In sum, at the end of 14 weeks the drug exposed patients were worse off than the placebo group: They were more phobic, more anxious, more panic stricken, and doing worse on a 'global scale' that assessed overall wellbeing. 44% had been unable to get off the drug, on their way to a lifetime of addiction. In every way the results painted a powerful portrait of the benzo trap: This was a drug that worked for a short time , then its efficacy over a placebo petered out and yet when patients tried to go off the drug, they became quite sick and many couldnt kick the habit. The first few weeks of relief came at a very high long term cost, with those stuck on the drug - as previous benzo studies had shown - likely to end up physically, emotionally , and cognitively impaired."
The Upjohn investigators published three articles in the Archives of Gen psychiatry in May 1988, and anyone who carefully reviewed the data could see the harm caused by Xanax.
In order for Xanax to be successfully marketed, Upjohn needed its investigators to draw a different sort of conclusion, and so they did, particularly in the abstracts of the three articles.
First, they focus their attention on the four-week results (rather than the eight week outcomes at the end of the treatment period), announcing that xanax was found to be effective and well tolerated. Next they noted that 84% of the Xanax patients had finished the eight week study, which was evidence that "patient acceptance of Xanax was high."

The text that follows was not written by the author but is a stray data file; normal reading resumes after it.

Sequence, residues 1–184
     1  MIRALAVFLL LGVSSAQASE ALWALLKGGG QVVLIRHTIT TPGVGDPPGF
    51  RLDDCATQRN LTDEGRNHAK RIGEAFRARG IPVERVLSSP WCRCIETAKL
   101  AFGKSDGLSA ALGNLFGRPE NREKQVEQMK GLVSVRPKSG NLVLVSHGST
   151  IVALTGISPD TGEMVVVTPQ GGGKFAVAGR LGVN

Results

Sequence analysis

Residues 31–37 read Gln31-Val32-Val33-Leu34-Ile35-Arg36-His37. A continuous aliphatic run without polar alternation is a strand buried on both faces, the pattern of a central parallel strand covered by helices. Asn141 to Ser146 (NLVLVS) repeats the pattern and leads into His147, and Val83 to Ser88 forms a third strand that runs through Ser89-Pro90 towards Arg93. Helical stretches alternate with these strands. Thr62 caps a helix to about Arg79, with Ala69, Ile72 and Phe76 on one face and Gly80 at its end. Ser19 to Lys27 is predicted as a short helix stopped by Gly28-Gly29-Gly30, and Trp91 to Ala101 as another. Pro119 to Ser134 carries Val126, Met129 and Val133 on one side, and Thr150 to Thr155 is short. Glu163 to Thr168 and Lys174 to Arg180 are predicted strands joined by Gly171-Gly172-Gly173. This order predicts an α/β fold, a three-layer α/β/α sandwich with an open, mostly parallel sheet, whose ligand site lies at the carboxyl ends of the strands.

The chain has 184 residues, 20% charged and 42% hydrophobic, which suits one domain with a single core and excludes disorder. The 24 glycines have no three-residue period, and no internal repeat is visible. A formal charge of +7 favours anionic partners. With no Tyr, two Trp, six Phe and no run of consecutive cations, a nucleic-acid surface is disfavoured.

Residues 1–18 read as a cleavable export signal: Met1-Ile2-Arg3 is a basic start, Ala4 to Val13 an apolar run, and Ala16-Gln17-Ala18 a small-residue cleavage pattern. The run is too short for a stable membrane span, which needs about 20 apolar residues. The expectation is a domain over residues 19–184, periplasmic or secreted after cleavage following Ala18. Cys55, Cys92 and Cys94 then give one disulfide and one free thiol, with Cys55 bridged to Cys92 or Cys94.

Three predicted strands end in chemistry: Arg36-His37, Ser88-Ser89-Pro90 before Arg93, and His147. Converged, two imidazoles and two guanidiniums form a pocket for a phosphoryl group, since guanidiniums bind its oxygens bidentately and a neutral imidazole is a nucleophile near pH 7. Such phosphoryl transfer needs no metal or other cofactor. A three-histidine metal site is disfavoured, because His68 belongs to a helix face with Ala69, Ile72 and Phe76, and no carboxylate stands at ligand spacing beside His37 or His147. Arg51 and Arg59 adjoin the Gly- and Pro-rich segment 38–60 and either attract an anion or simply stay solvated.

Although their Xanax patients regularly exhibited such problems as "slurred speech, amnesia" and other signs of "impaired mentation", they still concluded that the drug had few side-effects and is well tolerated.
Finally, while they acknowledge that some xanax patients fared poorly when the drug was withdrawn, they reasoned that it had been used for too shorter period and the withdrawal done too abruptly. We recommend that patients with panic disorder be treated for a longer period, at least six months, they said.
In London, Isaac Marks and several of his colleagues at the Institute of psychiatry subsequently pointed out how transparently ridiculous this all was.
In the letter to the Archives of General psychiatry they observed that since the Xanax patients "were in a worse state than patients receiving placebo" at the end of the study, the finding by the Upjohn investigators that the drug was effective and well tolerated can only be seen as" biased and arguable."